He attended the University of Minnesota, Duluth where he studied economics and business before going back to school at Rochester Community and Technical College to complete a law enforcement degree. He first moved to Austin and worked as a correctional officer at the Mower County Jail before he eventually joined the Mower County Sheriff’s Office.

“It was clear that Brady had it in his DNA,” his obituary read. “He was born to serve and protect.”

7. Ettinger retires from Hormel

(8 percent of the vote)

A few months after celebrating 125 years as a company, Hormel Foods Corp. experienced a big changing of the guard.

Jeffrey Ettinger retired in late October as CEO and was replaced by President James Snee. Ettinger remains chairman of the board.

“It’s been a pretty good run,” Ettinger said in October.

Ettinger, a California native with a law degree, came to Hormel in 1989; by 1999, after turns as senior attorney and project manager for Hormel chili products, he was named president of the Jennie-O Turkey Store, the largest subsidiary of the company, based in Willmar.

Five years later, Ettinger was named president of Hormel, a position he held until Snee took the post in 2015.

Ettinger admitted to “mixed feelings” about leaving, but he said it was “the right time and Jim is going to do a fantastic job” in his new role. Ettinger and his wife, LeeAnn, have four children; three live in Minneapolis and another in California.

In July leading up to Hormel’s anniversary, Ettinger noted how it had been an exciting era to watch the company’s growth, going from about $2.8 billion in sales in 1991 to about $5 billion in shares a decade ago when Ettinger became CEO to about $9.3 billion in 2015.

Under Ettinger’s leadership, Hormel Foods grew through acquisitions, organic growth and a continued focus on new product innovation.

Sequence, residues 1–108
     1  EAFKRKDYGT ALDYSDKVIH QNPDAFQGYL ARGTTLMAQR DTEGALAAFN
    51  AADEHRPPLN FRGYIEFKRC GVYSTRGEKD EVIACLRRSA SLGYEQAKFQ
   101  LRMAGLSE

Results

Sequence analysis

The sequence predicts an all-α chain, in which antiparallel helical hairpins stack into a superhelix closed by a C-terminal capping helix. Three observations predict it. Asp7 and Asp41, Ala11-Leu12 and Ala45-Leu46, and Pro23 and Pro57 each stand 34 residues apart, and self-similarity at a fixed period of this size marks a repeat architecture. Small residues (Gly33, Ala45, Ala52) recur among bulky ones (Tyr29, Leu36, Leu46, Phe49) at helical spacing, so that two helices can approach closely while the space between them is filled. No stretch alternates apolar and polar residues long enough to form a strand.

Snee, a native of New Mexico, earned degrees in business and marketing before coming to Hormel in 1989. He was named director of purchasing in 2006 and president of affiliated business units in 2008. In 2011, he earned the title of vice president and senior vice president of Hormel Foods International and a year later was named to group vice president of Hormel Foods and president of the international branch in 2012.

Snee said he was excited to continue the sales and product expansion progress made under Ettinger’s tenure.

Kelly Nesvold greets supporters after completing the 300M4FREEDOM this summer at Cornerstone Church. Herald file photo

Kelly Nesvold greets supporters after completing the 300M4FREEDOM this summer at Cornerstone Church. Herald file photo

8. Nesvold finishes grueling 300M4FREEDOM

(7 percent of the vote)

Weary and sore, Kelly Nesvold finished what could be his most harrowing journey yet on Aug. 28 when he crossed the finish line at Cornerstone Church to compete the 300M4FREEDOM triathlon.

The self-challenging race began at Pokegama Lake in Grand Rapids and ended on a humid and stuffy Sunday morning having raised about $40,000 to raise awareness about human trafficking.